BP’s $8 Billion Share Buyback Program Leaves Investors ColdBrian Swint
BP Plc Chief Executive Officer Bob Dudley came under pressure from investors to boost the share price at today’s annual general meeting.
While Dudley surprised analysts in March by announcing an $8 billion buyback, the stock price has remained little changed since and a shareholder today asked Dudley if the move would add value. The U.K.’s second-largest oil producer has spent $300 million on shares this year and expects the program of repurchases to take about 18 months.
“They’ll be disappointed with the share-price reaction,” said Peter Hutton, an analyst at RBC Capital Markets in London. “That doesn’t mean the reaction was wrong. We don’t see BP offering growth better than anyone else’s.”
The value of BP remains 30 percent below its level before the Gulf of Mexico oil spill three years ago, which forced Dudley’s predecessor out. Selling more than $50 billion in assets and becoming a shareholder in Russia’s state-run oil producer, OAO Rosneft, has yet to revive the share price and the company is embroiled in a U.S. trial that could saddle BP with billions of dollars in fines.
“Dudley is beyond his honeymoon period,” said Colin McLean, co-founder of Edinburgh-based SVM Asset Management, which holds BP shares. “It looks like the buyback was responding to pressure. People want to see a growth strategy and the Russian bet pay off, but that will take time. Meanwhile, the U.S. is rumbling on.”
The share buyback program is a one-time event and isn’t being carried out at the expense of other projects the company could be investing in, Chairman Carl-Henric Svanberg told today’s AGM.
BP has no intention of making buybacks a regular feature because it would probably mean the company having to spend more money when the share price is high, he said.
The buyback, approved by BP’s board within hours of closing the Rosneft deal, fulfills a promise to offset the dilution to earnings per share following the loss of dividends from Russian venture TNK-BP. The projected dividends from BP’s Rosneft stake won’t be as high, leading Chief Financial Officer Brian Gilvary to signal a buyback of about $4 billion last year. BP shares jumped 1.9 percent on March 22, the day a buyback of double that value was announced.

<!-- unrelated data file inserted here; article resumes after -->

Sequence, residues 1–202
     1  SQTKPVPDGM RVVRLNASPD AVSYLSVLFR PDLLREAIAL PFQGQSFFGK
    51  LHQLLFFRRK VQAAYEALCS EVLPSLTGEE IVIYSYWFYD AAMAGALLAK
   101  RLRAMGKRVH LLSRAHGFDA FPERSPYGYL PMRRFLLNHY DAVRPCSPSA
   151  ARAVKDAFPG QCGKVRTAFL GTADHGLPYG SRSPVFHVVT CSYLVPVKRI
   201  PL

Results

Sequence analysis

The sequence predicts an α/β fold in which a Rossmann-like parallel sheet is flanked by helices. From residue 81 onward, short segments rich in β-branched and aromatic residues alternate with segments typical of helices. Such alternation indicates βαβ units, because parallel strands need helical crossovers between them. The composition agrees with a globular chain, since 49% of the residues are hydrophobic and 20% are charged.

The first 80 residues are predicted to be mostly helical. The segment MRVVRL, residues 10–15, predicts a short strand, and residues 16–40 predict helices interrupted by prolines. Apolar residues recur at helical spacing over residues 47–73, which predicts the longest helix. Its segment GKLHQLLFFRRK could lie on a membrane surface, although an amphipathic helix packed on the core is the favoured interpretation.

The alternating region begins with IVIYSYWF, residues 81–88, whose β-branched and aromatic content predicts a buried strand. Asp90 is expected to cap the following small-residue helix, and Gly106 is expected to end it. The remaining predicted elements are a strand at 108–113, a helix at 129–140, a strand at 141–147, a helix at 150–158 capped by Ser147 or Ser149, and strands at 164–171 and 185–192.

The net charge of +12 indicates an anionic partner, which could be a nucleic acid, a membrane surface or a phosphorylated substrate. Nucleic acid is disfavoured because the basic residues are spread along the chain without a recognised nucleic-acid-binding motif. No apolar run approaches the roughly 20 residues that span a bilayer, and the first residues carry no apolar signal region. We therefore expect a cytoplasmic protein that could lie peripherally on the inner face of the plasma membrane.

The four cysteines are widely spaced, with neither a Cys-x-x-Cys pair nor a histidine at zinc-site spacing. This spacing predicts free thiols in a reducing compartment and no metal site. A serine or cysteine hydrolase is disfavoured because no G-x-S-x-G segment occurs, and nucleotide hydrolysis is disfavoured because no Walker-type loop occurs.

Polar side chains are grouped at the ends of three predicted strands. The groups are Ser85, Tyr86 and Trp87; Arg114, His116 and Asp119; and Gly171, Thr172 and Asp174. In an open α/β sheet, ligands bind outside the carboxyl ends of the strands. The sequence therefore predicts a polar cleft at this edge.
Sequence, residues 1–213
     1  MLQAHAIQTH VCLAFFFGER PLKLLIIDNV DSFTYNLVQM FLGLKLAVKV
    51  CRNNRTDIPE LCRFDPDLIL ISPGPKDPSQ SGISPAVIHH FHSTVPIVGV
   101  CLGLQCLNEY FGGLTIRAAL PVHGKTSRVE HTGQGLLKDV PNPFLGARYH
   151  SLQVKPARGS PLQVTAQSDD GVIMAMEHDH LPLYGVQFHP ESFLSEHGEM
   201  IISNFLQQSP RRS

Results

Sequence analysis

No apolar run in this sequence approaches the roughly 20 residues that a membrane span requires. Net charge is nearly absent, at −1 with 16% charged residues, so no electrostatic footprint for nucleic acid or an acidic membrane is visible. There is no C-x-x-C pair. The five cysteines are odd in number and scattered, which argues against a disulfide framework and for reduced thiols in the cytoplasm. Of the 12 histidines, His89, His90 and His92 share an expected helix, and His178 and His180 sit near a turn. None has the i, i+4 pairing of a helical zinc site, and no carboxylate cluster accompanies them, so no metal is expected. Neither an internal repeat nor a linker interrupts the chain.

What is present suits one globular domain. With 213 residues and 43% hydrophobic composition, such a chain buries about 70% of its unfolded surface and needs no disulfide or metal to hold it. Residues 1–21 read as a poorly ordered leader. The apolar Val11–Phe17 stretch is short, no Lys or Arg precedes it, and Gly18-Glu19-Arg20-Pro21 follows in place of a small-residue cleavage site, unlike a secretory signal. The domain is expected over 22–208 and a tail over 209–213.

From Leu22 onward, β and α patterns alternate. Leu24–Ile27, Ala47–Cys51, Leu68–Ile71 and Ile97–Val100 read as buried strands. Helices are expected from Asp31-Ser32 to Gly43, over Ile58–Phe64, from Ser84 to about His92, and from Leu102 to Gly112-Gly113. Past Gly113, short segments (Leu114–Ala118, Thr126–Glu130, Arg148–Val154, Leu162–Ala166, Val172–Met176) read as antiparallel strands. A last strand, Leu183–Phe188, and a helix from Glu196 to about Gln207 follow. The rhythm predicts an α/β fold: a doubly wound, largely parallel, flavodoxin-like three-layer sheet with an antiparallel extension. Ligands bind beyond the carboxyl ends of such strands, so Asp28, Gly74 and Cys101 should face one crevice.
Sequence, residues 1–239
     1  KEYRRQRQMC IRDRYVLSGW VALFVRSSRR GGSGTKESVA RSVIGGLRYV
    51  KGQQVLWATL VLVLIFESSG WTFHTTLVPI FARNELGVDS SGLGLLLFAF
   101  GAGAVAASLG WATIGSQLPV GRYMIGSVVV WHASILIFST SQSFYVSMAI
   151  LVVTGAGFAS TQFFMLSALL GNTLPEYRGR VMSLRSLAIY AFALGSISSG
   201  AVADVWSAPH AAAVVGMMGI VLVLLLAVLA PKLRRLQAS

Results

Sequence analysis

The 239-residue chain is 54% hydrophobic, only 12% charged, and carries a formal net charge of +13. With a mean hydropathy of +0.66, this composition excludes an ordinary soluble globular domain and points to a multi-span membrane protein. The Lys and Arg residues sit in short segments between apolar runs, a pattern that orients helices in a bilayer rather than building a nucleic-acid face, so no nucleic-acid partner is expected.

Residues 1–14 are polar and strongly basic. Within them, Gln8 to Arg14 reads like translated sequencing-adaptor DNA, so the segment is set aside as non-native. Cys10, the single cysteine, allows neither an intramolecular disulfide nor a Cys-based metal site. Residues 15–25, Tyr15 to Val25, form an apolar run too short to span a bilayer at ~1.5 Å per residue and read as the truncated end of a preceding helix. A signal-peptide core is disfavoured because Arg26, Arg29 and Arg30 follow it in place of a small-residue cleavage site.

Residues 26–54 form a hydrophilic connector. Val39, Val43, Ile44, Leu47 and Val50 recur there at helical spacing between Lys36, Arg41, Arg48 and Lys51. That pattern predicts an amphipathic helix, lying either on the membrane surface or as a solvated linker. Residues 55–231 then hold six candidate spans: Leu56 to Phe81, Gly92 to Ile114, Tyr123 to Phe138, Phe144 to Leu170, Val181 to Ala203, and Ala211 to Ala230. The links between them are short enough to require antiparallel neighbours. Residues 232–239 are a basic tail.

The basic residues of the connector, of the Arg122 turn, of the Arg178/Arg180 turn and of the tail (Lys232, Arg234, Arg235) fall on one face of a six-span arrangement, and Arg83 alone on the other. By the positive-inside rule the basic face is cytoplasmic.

“Shareholders think we’re undervalued,” Dudley told journalists after the AGM. “While the share price hasn’t moved that much” since the buyback, “if you compare us to the FTSE and to others, we’ve started to differentiate ourselves. But the effect will only be felt over time.”
BP was little changed at 451.70 pence today, close to the level when the buyback was announced and only 2.6 percent higher than when Dudley took over on Oct. 1, 2010. Royal Dutch Shell Plc, the largest U.K. oil company, is unchanged this year, compared with a 6.3 percent gain for BP. The benchmark U.K. FTSE 100 index is up 8.8 percent.
“They’ve outperformed Shell this year, but it’s not clear how much is because of the buyback,” said Iain Reid, an analyst at Jefferies Inc. in London. “If you’ve got excess cash you can’t invest right away, in principle it’s the right thing to do. It’s difficult to know what buybacks do to the share price. I wouldn’t say it’s been successful or unsuccessful so far.”
BP has so far purchased more than 42 million shares at a cost of about $300 million, according to the company’s website. It said it will use the remaining $4.5 billion in cash from the TNK-BP deal to pay down debt.
Dudley reached BP’s $38 billion divestment target a year early as he focuses on the company’s most profitable assets. BP said March 22 that the buyback will also compensate for the smaller asset base, which has shaved production by about 150,000 barrels of oil equivalent a day.
BP has sold off half its upstream installations such as oil platforms, a third of its wells and half of its pipelines, Dudley said in December. Still, the sales shed just 9 percent of the company’s production and 10 percent of its reserves.
The buyback “is certainly not a waste of money,” said Ivor Pether, a fund manager who helps oversee about $15 billion at Royal London Asset Management and holds BP. “If you’re not getting absolute growth in production, it’s equally valuable to get production growth per share. I can understand a buyback as opposed to a special dividend, which might have grabbed more headlines ahead of an outcome of the trial.”
In the U.S., there’s still a risk that BP could be found grossly negligent for the 2010 spill, which would bring maximum Clean Water Act fines of more than $17 billion. BP this month lost an appeal to halt payments to spill victims from a settlement agreement last year that the company said will cost billions of dollars more than expected.
The trial over liability for the spill continues in New Orleans after BP and the U.S. failed to reach a settlement on civil claims. In November, BP agreed to pay $4 billion and plead guilty to 14 criminal counts, including 11 for felony seaman’s manslaughter. The company also paid $525 million to settle the U.S. Securities and Exchange Commission’s claim that the company misled investors about the rate of oil flowing into the Gulf.
The buyback is “a signal to the market that BP has financial strength and it can get through its problems,” said Iain Armstrong, an analyst at broker Brewin Dolphin Ltd. in London. “Dudley is telling shareholders I realize you’re unhappy, but we think Rosneft’s a good deal and we’re not going to settle for a bad number in the Gulf of Mexico.”